## stmt (ax-2 () () (-> (-> ph (-> ps ch)) (-> (-> ph ps) (-> ph ch)))) # Axiom //Transp//. Axiom A3 of [bib/Margaris] p. 49. One of the 3 axioms of # propositional calculus. It swaps or "transposes" the order of the # consequents when negation is removed. An informal example is that the # statement "if there are no clouds in the sky, it is not raining" implies # the statement "if it is raining, there are clouds in the sky." This # axiom is called //Transp// or "the principle of transposition" in # //Principia Mathematica// (Theorem *2.17 of [bib/WhiteheadRussell] p. 103). # We will also use the term "contraposition" for this principle, although # the reader is advised that in the field of philosophical logic, # "contraposition" has a different technical meaning. ## Third Logic Axiom: Contraposition ## ## One of the three axioms of propositional calculus. ## It swaps or "transposes" the order of the consequents when negation is removed. ## An informal example is that the statement "if there are no clouds in the sky, ## it is not raining" implies the statement "if it is raining, there are clouds in ## the sky." This axiom is called Transp or "the principle of transposition" in ## Principia Mathematica. We will also use the term "contraposition" for this ## principle, although note that in the field of philosophical logic, "contraposition" ## has a different technical meaning. ## ## ## (-> (-> (-. ph) (-. ps)) (-> ps ph)) ##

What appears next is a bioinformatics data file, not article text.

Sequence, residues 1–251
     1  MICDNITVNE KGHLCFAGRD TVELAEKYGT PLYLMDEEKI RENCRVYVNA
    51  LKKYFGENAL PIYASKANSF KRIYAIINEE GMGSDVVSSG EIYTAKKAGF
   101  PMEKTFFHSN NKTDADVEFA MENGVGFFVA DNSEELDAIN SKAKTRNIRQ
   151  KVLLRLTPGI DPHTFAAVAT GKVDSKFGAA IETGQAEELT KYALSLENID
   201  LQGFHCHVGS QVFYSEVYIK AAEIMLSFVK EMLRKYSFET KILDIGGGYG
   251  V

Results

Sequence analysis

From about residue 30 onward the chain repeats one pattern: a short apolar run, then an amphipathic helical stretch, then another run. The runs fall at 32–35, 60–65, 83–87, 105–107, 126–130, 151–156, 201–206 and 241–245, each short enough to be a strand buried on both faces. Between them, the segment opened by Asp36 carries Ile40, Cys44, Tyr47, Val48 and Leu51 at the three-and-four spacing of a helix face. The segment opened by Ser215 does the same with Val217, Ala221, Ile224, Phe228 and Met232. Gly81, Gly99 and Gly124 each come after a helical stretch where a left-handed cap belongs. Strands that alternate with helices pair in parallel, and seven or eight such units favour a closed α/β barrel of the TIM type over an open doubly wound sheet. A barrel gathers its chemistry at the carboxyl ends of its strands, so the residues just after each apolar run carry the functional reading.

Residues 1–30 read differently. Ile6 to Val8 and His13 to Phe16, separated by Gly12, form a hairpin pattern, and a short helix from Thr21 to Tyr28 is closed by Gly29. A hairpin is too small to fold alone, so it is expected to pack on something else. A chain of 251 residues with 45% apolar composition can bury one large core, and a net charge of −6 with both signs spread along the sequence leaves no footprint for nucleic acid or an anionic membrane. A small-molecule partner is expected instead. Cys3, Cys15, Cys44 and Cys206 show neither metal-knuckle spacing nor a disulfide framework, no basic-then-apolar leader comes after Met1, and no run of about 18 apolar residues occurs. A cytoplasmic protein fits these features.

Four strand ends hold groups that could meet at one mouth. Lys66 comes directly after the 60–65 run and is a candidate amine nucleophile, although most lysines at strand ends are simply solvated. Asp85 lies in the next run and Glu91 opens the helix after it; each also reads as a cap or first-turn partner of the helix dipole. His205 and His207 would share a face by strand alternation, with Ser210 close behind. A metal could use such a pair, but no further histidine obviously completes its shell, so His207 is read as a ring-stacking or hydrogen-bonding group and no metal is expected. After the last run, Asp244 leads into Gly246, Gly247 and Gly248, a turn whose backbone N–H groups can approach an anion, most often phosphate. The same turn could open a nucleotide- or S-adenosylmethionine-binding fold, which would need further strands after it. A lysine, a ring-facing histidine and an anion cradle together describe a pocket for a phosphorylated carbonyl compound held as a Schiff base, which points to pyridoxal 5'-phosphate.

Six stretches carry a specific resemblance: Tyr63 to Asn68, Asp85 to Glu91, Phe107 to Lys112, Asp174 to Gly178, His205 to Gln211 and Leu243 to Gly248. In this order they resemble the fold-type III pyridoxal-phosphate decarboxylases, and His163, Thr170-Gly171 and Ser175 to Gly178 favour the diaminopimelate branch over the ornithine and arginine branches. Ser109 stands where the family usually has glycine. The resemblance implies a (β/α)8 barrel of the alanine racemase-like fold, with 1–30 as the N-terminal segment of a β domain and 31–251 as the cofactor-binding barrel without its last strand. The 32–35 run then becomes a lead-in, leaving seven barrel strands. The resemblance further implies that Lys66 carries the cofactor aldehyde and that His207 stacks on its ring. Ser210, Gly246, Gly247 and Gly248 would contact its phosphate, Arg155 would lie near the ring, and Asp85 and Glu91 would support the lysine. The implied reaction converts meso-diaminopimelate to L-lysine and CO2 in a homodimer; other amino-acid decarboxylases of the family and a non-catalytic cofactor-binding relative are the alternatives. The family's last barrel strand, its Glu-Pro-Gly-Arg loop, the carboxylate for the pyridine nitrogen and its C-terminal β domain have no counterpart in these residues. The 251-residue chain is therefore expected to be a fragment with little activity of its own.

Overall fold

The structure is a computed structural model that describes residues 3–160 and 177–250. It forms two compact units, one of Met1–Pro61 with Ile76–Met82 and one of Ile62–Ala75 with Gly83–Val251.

## stmt (ax-3 () () (-> (-> (-. ph) (-. ps)) (-> ps ph))) # Rule of Modus Ponens. The postulated inference rule of propositional # calculus. See e.g. Rule 1 of [bib/Hamilton] p. 73. The rule says, "if # #ph# is true, and #ph# implies #ps#, then #ps# must also be # true." This rule is sometimes called "detachment," since it detaches # the minor premise from the major premise. # # Note: In some web page displays such as the Statement List, the symbols # "&" and "=>" informally indicate the relationship between the hypotheses # and the assertion (conclusion), abbreviating the English words "and" and # "implies." They are not part of the formal language. ## Modus Ponens Axiom ## ## Rule of Modus Ponens. The postulated inference rule of ## propositional calculus. The rule says, "if φ ## is true, and φ implies ψ, then ψ must also be true." This rule is sometimes ## called "detachment," since it detaches the minor premise from the major premise. ## ## ## ph ] ] ## (-> ph ] [ ps) ## [ [ ps ##
## stmt (ax-mp () (ph (-> ph ps)) ps)